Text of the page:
I’m never been much of a hardcore shooters gamer, so I’ll state this for the record: my opinion is that of someone who hasn’t logged hours and hours of FPS gameplay. But Blacklight Retribution, the near future military shooter by Zombie Studios and Perfect World Entertainment, looked promising, so I downloaded the game and dove in. As it turns out, Blacklight Retribution surprised me. Read on!


It’s a shooter--you’re running around gunning people down. Expect blood, violence, and areas inhabited by the kind of gamers who play first-person shooters.

Gameplay - 87 / 100

Blacklight Retribution isn’t what you expect from a free-to-play first-person shooter…and that’s a good thing. Sure, you’ll experience quintessential FPS modes such as capture the flag, death match, team death match and king of the hill. Yes, you’ll be able to buy items, either with real or in-game currency, for certain amounts of time ranging from one day to permanent. But what other free-to-play FPSs don’t routinely offer is complete and total customization of your guns and armor. And there are mechs--hulking, menacing, full-of-win badass mechs with mini guns and rail guns for blowing up those pesky peons who keep shooting at you. (Really, what is their problem?)

Blacklight Retribution Screenshot

Yep, that's a badass mech.

When I first came into some in-game cash, I wasted vast amounts of time tricking out my character. Not only could I edit her armor (with changing stats for each piece) but I could alter every characteristic of my weapon. And that’s fun.

All guns are broken down into 7 components: Receiver (which changes the overall type of gun your character is using), muzzle, barrel, magazine (which includes ammo upgrades that can give you exploding rounds), scopes, weapon tags (which are like key chain bobbles for your gun), and camo. Bobbles and camo are, of course, purely cosmetic, but combined with the other 5 customization options they virtually ensure that, if you take the time to customize the gun you start with, you’ll have a unique and serviceable weapon.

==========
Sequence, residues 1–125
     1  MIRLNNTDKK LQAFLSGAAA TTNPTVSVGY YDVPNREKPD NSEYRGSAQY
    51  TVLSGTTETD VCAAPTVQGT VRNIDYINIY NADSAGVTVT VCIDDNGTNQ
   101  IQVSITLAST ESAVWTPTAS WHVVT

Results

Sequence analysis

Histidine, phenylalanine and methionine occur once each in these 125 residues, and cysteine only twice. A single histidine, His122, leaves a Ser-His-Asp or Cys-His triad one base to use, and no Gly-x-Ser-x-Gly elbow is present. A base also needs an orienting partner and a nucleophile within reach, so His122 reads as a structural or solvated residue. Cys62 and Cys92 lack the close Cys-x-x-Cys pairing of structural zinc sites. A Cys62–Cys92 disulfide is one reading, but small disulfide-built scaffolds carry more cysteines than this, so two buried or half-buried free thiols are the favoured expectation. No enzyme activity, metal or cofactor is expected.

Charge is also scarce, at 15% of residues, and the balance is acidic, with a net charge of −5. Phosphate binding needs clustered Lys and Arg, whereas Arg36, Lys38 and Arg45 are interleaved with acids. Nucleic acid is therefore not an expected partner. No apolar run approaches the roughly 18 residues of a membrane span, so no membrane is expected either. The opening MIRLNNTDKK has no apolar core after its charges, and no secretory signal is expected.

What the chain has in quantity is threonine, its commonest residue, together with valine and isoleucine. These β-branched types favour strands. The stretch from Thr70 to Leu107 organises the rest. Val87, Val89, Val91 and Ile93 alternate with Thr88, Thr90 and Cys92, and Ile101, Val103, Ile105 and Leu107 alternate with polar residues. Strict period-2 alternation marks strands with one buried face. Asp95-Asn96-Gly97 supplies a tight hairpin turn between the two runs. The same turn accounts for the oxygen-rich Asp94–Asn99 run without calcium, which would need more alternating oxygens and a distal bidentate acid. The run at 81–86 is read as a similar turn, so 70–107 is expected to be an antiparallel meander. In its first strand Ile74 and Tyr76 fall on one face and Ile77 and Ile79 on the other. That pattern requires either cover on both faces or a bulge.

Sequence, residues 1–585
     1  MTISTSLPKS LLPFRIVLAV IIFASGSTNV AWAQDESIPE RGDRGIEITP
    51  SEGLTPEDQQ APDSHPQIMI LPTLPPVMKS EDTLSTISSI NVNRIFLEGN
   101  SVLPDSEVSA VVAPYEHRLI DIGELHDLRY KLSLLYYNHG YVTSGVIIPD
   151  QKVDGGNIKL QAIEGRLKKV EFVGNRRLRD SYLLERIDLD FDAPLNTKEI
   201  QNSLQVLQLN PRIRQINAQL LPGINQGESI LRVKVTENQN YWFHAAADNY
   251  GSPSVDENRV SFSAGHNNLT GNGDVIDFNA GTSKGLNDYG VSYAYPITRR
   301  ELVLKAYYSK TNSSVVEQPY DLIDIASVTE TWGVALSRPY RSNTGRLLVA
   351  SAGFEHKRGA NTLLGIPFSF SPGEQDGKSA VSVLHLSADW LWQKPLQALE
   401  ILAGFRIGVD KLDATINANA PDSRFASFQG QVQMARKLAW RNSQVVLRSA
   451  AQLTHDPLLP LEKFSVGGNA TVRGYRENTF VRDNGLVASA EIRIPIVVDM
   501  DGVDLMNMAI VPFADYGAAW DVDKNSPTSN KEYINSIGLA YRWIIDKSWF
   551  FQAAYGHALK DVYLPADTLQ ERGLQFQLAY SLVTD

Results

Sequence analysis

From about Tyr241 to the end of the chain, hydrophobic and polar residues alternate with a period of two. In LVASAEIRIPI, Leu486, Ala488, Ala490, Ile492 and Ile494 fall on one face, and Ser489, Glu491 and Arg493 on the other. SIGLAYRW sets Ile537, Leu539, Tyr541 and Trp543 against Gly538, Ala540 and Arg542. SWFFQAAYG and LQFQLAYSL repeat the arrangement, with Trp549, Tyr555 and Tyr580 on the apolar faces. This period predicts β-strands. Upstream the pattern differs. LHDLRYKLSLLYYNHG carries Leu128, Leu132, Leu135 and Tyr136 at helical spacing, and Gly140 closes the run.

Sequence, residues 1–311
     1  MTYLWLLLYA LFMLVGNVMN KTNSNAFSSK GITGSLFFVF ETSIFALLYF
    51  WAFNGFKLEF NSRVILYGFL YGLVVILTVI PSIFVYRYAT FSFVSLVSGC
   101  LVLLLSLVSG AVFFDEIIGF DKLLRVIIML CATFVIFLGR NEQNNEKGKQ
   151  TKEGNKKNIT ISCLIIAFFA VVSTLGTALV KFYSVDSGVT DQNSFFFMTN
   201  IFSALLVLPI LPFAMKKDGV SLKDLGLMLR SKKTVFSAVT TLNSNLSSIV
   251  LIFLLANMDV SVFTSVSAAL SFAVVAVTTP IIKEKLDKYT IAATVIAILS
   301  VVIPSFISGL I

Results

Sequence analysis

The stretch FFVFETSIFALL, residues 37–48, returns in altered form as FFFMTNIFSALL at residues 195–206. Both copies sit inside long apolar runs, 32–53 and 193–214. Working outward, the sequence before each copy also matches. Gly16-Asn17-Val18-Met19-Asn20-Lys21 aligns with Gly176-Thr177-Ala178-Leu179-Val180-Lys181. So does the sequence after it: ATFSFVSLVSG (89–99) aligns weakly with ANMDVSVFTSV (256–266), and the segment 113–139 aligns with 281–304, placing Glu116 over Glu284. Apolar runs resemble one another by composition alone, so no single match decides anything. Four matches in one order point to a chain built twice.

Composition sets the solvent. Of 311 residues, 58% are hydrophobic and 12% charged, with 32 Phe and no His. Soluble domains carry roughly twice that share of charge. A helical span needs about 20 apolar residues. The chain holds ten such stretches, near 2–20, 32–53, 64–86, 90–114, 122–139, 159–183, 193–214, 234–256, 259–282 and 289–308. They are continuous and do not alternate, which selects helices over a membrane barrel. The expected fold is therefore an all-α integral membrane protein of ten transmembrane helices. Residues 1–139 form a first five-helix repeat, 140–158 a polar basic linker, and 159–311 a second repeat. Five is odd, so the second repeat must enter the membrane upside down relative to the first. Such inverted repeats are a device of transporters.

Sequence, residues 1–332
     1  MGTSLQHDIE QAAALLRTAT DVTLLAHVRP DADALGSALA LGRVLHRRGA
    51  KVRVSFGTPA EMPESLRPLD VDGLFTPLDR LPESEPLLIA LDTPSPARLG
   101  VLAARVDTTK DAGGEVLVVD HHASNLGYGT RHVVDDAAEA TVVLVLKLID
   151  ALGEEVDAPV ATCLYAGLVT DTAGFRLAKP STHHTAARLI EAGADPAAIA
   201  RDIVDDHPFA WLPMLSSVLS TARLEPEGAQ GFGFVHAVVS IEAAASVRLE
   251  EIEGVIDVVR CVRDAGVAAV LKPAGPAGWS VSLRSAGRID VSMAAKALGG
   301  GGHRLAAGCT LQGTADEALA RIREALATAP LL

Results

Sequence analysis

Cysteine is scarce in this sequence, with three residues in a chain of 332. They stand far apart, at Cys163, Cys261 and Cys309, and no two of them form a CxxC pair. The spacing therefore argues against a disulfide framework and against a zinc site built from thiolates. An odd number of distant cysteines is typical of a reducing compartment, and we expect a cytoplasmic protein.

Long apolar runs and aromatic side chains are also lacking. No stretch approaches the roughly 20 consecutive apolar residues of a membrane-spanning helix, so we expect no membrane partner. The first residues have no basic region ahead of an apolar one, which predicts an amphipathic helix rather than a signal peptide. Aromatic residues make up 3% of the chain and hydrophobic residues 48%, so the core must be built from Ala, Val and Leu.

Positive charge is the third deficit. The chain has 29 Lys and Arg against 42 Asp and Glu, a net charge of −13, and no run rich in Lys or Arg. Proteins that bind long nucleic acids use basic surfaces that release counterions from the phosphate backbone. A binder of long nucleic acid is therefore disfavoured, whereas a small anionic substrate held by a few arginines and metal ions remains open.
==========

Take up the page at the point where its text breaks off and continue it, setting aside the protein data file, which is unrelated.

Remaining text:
If customizing guns isn’t really your thing, fear not--you can purchase pre-made guns in the item shop using some of your hard-earned real world cash.

You can also customize your character’s armor by changing your helmet, upper body armor, lower body armor, and then add cosmetic items like trophies (badges you earn by completing certain achievements) and camo (changes the overall color scheme of your character’s items). You can further specialize your character by giving them equipment that include things like health kits, turrets, repair kits (for fixing turrets and mechs), stealth cloaks and riot shields. You can also change the voice of the game’s announcer as well as the voice of your own character. You can also unlock and purchase various taunts for your character to use when pwning noobs. (And you get to hear theirs when they’re pwning you.)